A Nasty Business

Gathering "good intelligence" against terrorists is an inherently brutish enterprise, involving methods a civics class might not condone. Should we care?
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Intelligence is capital," Colonel Yves Godard liked to say. And Godard undeniably knew what he was talking about. He had fought both as a guerrilla in the French Resistance during World War II and against guerrillas in Indochina, as the commander of a covert special-operations unit. As the chief of staff of the elite 10th Para Division, Godard was one of the architects of the French counterterrorist strategy that won the Battle of Algiers, in 1957. To him, information was the sine qua non for victory. It had to be zealously collected, meticulously analyzed, rapidly disseminated, and efficaciously acted on. Without it no anti-terrorist operation could succeed. As the United States prosecutes its global war against terrorism, Godard's dictum has acquired new relevance. Indeed, as is now constantly said, success in the struggle against Osama bin Laden and his minions will depend on good intelligence. But the experiences of other countries, fighting similar conflicts against similar enemies, suggest that Americans still do not appreciate the enormously difficult—and morally complex—problem that the imperative to gather "good intelligence" entails.

The challenge that security forces and militaries the world over have faced in countering terrorism is how to obtain information about an enigmatic enemy who fights unconventionally and operates in a highly amenable environment where he typically is indistinguishable from the civilian populace. The differences between police officers and soldiers in training and approach, coupled with the fact that most military forces are generally uncomfortable with, and inadequately prepared for, counterterrorist operations, strengthens this challenge. Military forces in such unfamiliar settings must learn to acquire intelligence by methods markedly different from those to which they are accustomed. The most "actionable," and therefore effective, information in this environment is discerned not from orders of battle, visual satellite transmissions of opposing force positions, or intercepted signals but from human intelligence gathered mostly from the indigenous population. The police, specifically trained to interact with the public, typically have better access than the military to what are called human intelligence sources. Indeed, good police work depends on informers, undercover agents, and the apprehension and interrogation of terrorists and suspected terrorists, who provide the additional information critical to destroying terrorist organizations. Many today who argue reflexively and sanctimoniously that the United States should not "over-react" by over-militarizing the "war" against terrorism assert that such a conflict should be largely a police, not a military, endeavor. Although true, this line of argument usually overlooks the uncomfortable fact that, historically, "good" police work against terrorists has of necessity involved nasty and brutish means. Rarely have the importance of intelligence and the unpleasant ways in which it must often be obtained been better or more clearly elucidated than in the 1966 movie The Battle of Algiers. In an early scene in the film the main protagonist, the French paratroop commander, Lieutenant Colonel Mathieu (who is actually a composite of Yves Godard and two other senior French army officers who fought in the Battle of Algiers), explains to his men that the "military aspect is secondary." He says, "More immediate is the police work involved. I know you don't like hearing that, but it indicates exactly the kind of job we have to do."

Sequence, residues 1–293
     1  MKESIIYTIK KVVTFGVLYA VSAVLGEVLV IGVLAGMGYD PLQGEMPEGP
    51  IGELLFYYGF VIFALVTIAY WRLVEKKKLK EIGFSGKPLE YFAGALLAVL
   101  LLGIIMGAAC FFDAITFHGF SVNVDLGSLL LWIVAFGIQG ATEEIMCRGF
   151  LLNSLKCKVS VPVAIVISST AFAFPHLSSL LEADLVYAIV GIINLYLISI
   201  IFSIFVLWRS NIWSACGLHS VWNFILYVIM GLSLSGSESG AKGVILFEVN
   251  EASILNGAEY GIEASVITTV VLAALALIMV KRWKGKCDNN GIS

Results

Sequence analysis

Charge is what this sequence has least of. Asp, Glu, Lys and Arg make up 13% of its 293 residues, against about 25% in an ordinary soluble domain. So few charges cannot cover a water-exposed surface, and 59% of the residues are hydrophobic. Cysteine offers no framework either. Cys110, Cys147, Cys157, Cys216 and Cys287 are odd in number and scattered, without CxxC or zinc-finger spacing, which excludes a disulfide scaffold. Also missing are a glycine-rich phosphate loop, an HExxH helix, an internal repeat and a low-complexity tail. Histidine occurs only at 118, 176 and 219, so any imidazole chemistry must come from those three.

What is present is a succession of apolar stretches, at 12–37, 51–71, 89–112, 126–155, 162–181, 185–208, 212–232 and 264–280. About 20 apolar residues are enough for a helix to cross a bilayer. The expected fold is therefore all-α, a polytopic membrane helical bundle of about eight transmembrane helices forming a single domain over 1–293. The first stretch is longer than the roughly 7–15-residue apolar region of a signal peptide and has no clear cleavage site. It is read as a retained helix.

I have long told soldiers, spies, and students to watch The Battle of Algiers if they want to understand how to fight terrorism. Indeed, the movie was required viewing for the graduate course I taught for five years on terrorism and the liberal state, which considered the difficulties democracies face in countering terrorism. The seminar at which the movie was shown regularly provoked the most intense and passionate discussions of the semester. To anyone who has seen The Battle of Algiers, this is not surprising. The late Pauline Kael, doyenne of American film critics, seemed still enraptured seven years after its original release when she described The Battle of Algiers in a 900-word review as "an epic in the form of a 'created documentary'"; "the one great revolutionary 'sell' of modern times"; and the "most impassioned, most astute call to revolution ever." The best reviews, however, have come from terrorists—members of the IRA; the Tamil Tigers, in Sri Lanka; and 1960s African-American revolutionaries—who have assiduously studied it. At a time when the U.S. Army has enlisted Hollywood screenwriters to help plot scenarios of future terrorist attacks, learning about the difficulties of fighting terrorism from a movie that terrorists themselves have studied doesn't seem farfetched.